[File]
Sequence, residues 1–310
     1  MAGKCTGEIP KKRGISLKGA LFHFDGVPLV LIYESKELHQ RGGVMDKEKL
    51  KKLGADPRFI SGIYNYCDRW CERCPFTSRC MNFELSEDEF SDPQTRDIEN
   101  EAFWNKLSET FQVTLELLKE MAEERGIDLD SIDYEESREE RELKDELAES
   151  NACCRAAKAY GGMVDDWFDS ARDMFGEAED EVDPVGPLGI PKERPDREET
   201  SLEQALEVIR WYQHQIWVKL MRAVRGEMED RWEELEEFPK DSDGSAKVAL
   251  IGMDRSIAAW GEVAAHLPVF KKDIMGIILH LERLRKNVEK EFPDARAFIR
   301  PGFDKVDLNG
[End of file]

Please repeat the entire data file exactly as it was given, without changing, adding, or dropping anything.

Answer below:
Sequence, residues 1–310
     1  MAGKCTGEIP KKRGISLKGA LFHFDGVPLV LIYESKELHQ RGGVMDKEKL
    51  KKLGADPRFI SGIYNYCDRW CERCPFTSRC MNFELSEDEF SDPQTRDIEN
   101  EAFWNKLSET FQVTLELLKE MAEERGIDLD SIDYEESREE RELKDELAES
   151  NACCRAAKAY GGMVDDWFDS ARDMFGEAED EVDPVGPLGI PKERPDREET
   201  SLEQALEVIR WYQHQIWVKL MRAVRGEMED RWEELEEFPK DSDGSAKVAL
   251  IGMDRSIAAW GEVAAHLPVF KKDIMGIILH LERLRKNVEK EFPDARAFIR
   301  PGFDKVDLNG